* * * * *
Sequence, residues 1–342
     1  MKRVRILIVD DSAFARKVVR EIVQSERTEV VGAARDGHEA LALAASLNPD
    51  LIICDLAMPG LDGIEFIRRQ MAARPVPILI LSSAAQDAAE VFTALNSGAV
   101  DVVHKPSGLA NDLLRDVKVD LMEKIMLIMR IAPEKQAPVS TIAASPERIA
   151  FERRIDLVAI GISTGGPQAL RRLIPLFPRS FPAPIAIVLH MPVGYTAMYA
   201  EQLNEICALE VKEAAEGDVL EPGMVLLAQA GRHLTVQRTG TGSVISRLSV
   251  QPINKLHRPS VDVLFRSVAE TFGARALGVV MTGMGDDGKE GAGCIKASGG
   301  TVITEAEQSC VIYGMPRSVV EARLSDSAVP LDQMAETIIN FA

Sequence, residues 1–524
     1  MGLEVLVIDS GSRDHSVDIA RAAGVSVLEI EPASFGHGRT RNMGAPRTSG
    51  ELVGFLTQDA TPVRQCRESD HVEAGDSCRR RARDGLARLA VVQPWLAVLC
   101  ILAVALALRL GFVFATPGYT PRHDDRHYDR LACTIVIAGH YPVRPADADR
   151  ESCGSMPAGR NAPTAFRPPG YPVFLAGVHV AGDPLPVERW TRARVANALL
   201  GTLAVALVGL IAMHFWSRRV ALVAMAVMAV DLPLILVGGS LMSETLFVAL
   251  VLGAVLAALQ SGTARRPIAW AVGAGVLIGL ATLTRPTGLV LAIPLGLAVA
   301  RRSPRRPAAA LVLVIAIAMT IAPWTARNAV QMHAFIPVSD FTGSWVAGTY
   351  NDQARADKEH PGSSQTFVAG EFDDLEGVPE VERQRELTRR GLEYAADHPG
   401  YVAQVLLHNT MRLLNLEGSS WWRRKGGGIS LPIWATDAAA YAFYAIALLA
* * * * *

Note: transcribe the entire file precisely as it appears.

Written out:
Sequence, residues 1–342
     1  MKRVRILIVD DSAFARKVVR EIVQSERTEV VGAARDGHEA LALAASLNPD
    51  LIICDLAMPG LDGIEFIRRQ MAARPVPILI LSSAAQDAAE VFTALNSGAV
   101  DVVHKPSGLA NDLLRDVKVD LMEKIMLIMR IAPEKQAPVS TIAASPERIA
   151  FERRIDLVAI GISTGGPQAL RRLIPLFPRS FPAPIAIVLH MPVGYTAMYA
   201  EQLNEICALE VKEAAEGDVL EPGMVLLAQA GRHLTVQRTG TGSVISRLSV
   251  QPINKLHRPS VDVLFRSVAE TFGARALGVV MTGMGDDGKE GAGCIKASGG
   301  TVITEAEQSC VIYGMPRSVV EARLSDSAVP LDQMAETIIN FA

Sequence, residues 1–524
     1  MGLEVLVIDS GSRDHSVDIA RAAGVSVLEI EPASFGHGRT RNMGAPRTSG
    51  ELVGFLTQDA TPVRQCRESD HVEAGDSCRR RARDGLARLA VVQPWLAVLC
   101  ILAVALALRL GFVFATPGYT PRHDDRHYDR LACTIVIAGH YPVRPADADR
   151  ESCGSMPAGR NAPTAFRPPG YPVFLAGVHV AGDPLPVERW TRARVANALL
   201  GTLAVALVGL IAMHFWSRRV ALVAMAVMAV DLPLILVGGS LMSETLFVAL
   251  VLGAVLAALQ SGTARRPIAW AVGAGVLIGL ATLTRPTGLV LAIPLGLAVA
   301  RRSPRRPAAA LVLVIAIAMT IAPWTARNAV QMHAFIPVSD FTGSWVAGTY
   351  NDQARADKEH PGSSQTFVAG EFDDLEGVPE VERQRELTRR GLEYAADHPG
   401  YVAQVLLHNT MRLLNLEGSS WWRRKGGGIS LPIWATDAAA YAFYAIALLA